If you want more info on Florida vegetable shipments, there have been a few recent posts that go into more detail, plus an update is coming this Wednesday, April 1st – and this is not an April fool’s joke!

New York Produce Shipments

The state’s biggest volume is with storage onions, most of it coming out of Orange County. averaging about 125 truck loads per week…..The next biggest mover is with apples coming out of the Hudson and Champlain Valleys, as well Central and Western areas of the state.  New York is a leading cabbage shipper, but volume is now in a seasonal decline.

Hudson Valley apples – grossing about $3100 to Orlando.

Maine Potato Shipments

Aroostrook County in northern Maine is shipping about 150 truck loads of potatoes weekly.

Maine potatoes – grossing about $1400 to Boston.

Appalachian Apple Shipments

Volume is light, but apples are being loaded in the district comprised of portions of Maryland, Pennsylvania, Virginia and West Virginia.

North Carolina Sweet Potato Shipments

With Easter closing in on April 5th, sweet potato shipments from the Eastern areas of the state are increasing, now surpassing 300 truck loads per week.

NC sweet potatoes – grossing about $2500 to New York City.

South Carolina Vegetable Shipments

There certainly are not any truck loads here, but the Lexington area has very light volume with greens and green onions.

Georgia Vegetable Shipments

From Southern Georgia there are light shipments of broccoli, carrots and greens.



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South Carolina will be Later than Normal on Items Ranging from Vegetables to Peaches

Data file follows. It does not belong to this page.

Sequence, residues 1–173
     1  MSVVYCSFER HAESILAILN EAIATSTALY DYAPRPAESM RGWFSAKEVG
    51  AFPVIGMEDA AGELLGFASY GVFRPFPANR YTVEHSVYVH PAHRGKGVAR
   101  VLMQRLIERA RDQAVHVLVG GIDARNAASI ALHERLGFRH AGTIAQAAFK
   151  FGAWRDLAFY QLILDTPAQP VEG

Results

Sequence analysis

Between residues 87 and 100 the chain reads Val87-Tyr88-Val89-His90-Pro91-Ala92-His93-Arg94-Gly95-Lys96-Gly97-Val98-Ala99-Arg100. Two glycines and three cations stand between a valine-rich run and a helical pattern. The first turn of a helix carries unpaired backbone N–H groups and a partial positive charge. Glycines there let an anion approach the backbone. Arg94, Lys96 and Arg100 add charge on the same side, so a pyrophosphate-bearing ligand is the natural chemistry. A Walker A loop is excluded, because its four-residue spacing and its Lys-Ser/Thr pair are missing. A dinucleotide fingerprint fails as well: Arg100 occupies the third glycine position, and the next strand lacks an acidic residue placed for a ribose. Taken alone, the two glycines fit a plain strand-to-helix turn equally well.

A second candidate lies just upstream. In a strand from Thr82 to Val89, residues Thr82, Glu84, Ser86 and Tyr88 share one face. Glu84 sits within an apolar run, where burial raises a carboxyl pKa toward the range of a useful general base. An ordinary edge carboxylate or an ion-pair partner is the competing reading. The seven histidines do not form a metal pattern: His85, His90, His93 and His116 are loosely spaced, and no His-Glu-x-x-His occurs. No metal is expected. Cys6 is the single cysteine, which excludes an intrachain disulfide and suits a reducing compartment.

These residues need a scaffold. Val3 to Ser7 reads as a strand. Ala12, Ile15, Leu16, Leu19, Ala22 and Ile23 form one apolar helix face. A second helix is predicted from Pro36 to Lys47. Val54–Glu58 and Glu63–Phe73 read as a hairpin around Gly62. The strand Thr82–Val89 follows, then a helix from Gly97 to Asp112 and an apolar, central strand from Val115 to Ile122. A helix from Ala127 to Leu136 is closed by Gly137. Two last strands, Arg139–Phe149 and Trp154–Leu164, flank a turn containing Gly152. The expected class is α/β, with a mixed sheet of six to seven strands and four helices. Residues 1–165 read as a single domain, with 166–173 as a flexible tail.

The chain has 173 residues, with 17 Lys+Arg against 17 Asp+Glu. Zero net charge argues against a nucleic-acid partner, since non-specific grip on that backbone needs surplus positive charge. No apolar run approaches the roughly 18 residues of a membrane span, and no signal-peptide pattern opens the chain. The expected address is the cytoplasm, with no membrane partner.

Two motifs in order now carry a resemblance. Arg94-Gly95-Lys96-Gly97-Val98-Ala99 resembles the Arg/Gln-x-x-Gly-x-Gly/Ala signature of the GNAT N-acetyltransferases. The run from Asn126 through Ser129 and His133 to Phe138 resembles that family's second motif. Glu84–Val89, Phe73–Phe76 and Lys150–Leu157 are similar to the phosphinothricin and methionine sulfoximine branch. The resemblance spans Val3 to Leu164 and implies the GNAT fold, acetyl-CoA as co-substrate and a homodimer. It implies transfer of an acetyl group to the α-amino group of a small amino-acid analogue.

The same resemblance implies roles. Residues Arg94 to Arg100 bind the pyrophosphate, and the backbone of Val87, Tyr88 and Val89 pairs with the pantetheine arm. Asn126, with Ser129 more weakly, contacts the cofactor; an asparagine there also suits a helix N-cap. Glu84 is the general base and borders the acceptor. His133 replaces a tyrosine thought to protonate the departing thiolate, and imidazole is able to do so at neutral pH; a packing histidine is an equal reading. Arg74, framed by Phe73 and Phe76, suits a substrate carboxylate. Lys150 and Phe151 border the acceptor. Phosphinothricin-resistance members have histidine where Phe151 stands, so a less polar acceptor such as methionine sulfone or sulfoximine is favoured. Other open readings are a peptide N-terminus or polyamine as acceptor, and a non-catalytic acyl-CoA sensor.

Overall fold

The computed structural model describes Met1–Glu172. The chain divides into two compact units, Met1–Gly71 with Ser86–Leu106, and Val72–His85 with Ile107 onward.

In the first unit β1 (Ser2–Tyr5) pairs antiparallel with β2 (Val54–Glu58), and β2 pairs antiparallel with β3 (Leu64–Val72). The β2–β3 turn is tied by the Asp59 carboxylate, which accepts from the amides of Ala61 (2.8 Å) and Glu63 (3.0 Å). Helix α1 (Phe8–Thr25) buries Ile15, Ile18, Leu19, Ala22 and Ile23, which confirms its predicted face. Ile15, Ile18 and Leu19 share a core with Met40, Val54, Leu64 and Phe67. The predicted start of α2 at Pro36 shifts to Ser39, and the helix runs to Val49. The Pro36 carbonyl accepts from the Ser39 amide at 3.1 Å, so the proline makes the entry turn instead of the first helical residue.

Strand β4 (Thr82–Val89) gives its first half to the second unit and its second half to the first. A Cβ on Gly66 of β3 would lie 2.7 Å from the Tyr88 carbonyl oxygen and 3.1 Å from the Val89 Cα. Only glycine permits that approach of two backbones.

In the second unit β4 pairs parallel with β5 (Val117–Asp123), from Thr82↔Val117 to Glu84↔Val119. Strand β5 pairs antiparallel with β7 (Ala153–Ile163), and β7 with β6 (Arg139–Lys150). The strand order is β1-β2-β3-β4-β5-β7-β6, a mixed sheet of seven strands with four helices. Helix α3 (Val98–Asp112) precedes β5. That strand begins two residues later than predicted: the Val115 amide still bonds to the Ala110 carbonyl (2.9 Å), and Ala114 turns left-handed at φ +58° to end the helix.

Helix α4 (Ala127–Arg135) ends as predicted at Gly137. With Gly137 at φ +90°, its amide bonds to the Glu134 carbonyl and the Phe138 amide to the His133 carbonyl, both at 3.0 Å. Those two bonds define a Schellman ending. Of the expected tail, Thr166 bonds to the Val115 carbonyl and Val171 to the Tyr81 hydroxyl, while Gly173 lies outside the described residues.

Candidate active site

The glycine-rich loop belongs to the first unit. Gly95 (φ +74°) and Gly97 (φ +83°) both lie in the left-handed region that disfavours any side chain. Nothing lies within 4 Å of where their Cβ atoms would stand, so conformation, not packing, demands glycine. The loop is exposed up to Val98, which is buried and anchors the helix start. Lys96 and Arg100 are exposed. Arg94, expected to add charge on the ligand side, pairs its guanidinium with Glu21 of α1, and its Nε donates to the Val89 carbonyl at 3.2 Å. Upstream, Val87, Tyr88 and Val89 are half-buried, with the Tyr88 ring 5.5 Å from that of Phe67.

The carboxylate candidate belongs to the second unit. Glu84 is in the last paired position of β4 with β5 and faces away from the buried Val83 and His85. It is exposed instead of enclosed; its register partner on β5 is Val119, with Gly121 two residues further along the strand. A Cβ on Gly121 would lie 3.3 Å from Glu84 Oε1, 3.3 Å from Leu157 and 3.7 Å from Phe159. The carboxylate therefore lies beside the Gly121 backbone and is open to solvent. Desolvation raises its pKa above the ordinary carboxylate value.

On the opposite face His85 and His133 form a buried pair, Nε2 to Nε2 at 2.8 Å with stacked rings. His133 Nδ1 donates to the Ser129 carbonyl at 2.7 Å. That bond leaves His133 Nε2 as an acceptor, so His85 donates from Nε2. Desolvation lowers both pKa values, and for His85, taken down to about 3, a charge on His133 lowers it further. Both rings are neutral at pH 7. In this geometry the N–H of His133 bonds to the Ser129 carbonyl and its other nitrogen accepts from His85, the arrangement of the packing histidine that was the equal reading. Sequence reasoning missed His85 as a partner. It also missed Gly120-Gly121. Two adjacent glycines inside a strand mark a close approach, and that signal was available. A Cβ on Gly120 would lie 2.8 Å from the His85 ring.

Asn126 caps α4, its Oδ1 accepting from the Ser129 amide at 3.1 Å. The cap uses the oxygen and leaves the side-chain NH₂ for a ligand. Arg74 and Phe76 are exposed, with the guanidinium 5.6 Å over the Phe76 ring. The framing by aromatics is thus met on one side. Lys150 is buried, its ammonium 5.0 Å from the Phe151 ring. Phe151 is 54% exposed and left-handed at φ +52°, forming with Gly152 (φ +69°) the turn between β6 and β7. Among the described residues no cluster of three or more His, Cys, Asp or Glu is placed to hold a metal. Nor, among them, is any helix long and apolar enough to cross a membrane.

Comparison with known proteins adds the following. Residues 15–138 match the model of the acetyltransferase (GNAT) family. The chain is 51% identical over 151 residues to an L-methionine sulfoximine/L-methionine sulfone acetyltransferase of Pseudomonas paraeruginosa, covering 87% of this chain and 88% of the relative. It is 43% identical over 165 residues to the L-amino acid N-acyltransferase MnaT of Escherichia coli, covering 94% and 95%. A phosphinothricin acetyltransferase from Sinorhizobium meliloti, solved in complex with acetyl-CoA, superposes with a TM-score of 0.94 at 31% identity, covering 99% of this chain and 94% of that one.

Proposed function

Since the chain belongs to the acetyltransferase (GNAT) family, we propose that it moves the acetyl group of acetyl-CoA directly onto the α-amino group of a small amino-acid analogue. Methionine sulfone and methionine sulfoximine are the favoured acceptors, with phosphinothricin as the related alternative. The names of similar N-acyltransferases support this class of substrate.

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GAtks0314 018Spring South Carolina produce shipments  are taking place, although the main volume is still ahead in the weeks and months to come.  However, it is not going to be a normal, or typical year for shipments due to weather factors.

South Carolina peaches rank second in volume nationally, however a freeze wiped out the early season peaches.  While there will be limited volume in June, it will July and August before there are significant peach shipments.

South Carolina Vegetable Shipments

The state also ranks in the top six in the nation for leafy green, cantaloupe and watermelons, while placing eighth in cumber volume.

It has been cooler longer than normal in South Carolina slowing the 0growth of vegetables, plus some crops had to be replanted due to the earlier freezing conditions.  More recent warmer weather has crops trying to catch up.   The state ships produce throughout the year.   Currently, South Carolina vegetable loadings range from leafy greens, to more limited amounts of broccoli and asparagus.

Among the early season summer items to start shipping in the next month or so are watermelons, cabbage and early summer vegetables, plus blueberries.